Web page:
With endorsement from the executive, the fiscal budget passed through the Senate by a vote of 20-12. But in Congress, Theodore Sedgwick, the Speaker of the House, encountered fierce opposition from his own ranks. Adams' Federalists were galvanized by the fierce anti-Hamiltonian Democrat, Nathaniel Macon. With aid from Jeffersonian Republicans, the budget was defeated by two votes in the House, and temporarily killed. Hamilton would not concede defeat to his own party - he demanded that Senate Federalists add an amendment to the budget that would prematurely extend the charter of the Bank. When the bill arrived in the House, Federalists were forced to accept; their hostility to Hamilton did not exceed their admiration for the banking system. The budget passed by eight votes.
For the next two years, the American economy enjoyed a period of comfortable growth. Although western farmers were burdened by new duties and high tariffs, the availability of credit through the National Bank provided the urban class new wealth. Early manufacturers and coastal farmers enjoyed comfortable profits as the demand for resources in the small industrial base began to grow. Under the leadership of Secretary Wolcott, the American economy was diversified through shipping, manufacturing, and banking. Wolcott also sought to mechanize the Southern economy and encouraged the production of the automatic flour mill and the cotton gin. The productivity of cotton among the slave-plantations skyrocketed; cotton would become, by the end of the 1810s, the predominant commodity of the Southern economy.
The National Bank, although initially opposed by Jeffersonian agrarians, provided a cheap source of credit for farmers, as well as manufacturers. With this new availability of currency, small farmers with a few acres of property were able to purchase scythes, cultivators, flails, and plows, mostly produced in Great Britain. Indebted southern aristocrats were also pleasantly surprised by the northern credit, with one Virginian lady declaring "Never before has such a world of dice and gambling intruded into our regular activities." Modern economists, however, attribute the financial depression of the early 1810s to a debt bubble, mostly spurned on by the National Bank.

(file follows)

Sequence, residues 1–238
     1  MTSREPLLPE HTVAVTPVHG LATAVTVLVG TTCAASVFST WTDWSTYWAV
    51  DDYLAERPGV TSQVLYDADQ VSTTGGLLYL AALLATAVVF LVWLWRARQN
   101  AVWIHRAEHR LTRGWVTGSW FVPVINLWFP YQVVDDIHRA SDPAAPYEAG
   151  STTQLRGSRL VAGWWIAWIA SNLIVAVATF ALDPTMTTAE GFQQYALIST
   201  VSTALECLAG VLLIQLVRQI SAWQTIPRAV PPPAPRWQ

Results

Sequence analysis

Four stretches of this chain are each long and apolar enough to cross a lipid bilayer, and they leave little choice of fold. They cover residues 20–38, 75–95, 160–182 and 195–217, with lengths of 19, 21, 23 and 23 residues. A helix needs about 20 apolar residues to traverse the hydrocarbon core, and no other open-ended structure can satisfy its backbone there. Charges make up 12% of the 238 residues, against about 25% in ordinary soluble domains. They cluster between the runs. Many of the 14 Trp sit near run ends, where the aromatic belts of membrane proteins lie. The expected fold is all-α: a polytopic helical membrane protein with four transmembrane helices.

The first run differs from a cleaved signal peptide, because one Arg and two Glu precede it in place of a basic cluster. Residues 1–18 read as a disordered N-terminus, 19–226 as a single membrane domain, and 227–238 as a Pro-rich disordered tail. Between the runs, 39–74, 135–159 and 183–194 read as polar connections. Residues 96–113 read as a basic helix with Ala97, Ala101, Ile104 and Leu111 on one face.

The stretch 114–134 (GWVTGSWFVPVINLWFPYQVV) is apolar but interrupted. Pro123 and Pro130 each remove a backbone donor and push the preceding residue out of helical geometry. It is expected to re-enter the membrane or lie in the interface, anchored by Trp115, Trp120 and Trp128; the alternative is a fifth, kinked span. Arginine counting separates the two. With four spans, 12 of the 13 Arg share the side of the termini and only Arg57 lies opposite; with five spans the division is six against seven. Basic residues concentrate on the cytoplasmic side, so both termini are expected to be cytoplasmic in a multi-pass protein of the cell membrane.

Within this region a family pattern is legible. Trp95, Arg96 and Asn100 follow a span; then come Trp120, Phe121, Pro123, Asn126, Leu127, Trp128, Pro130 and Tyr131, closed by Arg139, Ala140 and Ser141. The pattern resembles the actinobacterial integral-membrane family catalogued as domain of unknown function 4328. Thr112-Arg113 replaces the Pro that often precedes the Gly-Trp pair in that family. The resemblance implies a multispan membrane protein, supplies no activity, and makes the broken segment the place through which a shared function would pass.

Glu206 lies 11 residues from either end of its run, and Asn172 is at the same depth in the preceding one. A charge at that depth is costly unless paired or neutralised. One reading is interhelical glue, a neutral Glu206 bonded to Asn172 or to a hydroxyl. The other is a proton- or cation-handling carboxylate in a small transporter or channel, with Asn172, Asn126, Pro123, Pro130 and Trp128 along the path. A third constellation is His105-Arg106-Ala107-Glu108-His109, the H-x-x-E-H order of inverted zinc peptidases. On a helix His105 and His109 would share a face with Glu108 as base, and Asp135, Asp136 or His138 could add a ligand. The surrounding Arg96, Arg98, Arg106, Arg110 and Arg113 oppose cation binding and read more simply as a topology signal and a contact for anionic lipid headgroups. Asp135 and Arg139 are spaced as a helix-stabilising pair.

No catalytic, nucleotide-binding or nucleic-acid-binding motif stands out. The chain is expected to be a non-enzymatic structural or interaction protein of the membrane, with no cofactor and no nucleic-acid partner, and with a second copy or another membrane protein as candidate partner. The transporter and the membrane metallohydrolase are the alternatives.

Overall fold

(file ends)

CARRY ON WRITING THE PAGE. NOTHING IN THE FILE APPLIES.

When Adams took office in 1796, he carried many of Washington's supporters over into his new administration. As a result, there was little change in the federal government when the first national transition of power occurred. With Hamilton's election in 1800, there was a transfer of power between parties, not simply a transition. As president, Hamilton had the power of appointment to fill many Federal positions that had long been held by Washington's supporters. It was speculated that this new usage of patronage was the privilege of a new political party when it assumed power. Hamilton succumbed to his party's call to remove all Democratic-Republicans from their appointed positions. This move was vehemently opposed by the party opposite, but political disunity among Jefferson's party prevented a sound response from materializing.
Hamilton's visions for an American Empire that could rival the British and French Empires were not confidential sentiments. Hamilton had once called America the "embryo of Great Empire" and he frequently shaped his views on economic and social policy around that Imperial vision. But Adam's war against France, although parallel to Hamilton's views, proved dangerous to the Federalist Party's political grasp. In 1803, Kentucky Senator John Breckinridge and Virginian Representative James Madison emerged as the political heralds of a revitalized Democratic-Republican Party. Breckinridge, an aristocrat with staunch conservative sentiments, sought to manipulate the populations of the newly conquered territories to the Democratic cause. These inland populations were very much sympathetic to Jefferson's ideals, but they did not enjoy the privileges of statehood. The Northwest Territory, specifically the eastern portion, had already petitioned for statehood under the name "Ohio." But Federalists were very much aware that Breckinridge and Madison could make a great political profit from Ohio's national admission, and eagerly balked at the issue. Other Federalists, putting ideology above partisan divides, rejected their colleagues hesitation and worked with the Jeffersonians to promote democratic inclusion for the settlers. These tensions would come to a head in 1804, during the most turbulent of Hamilton's first term.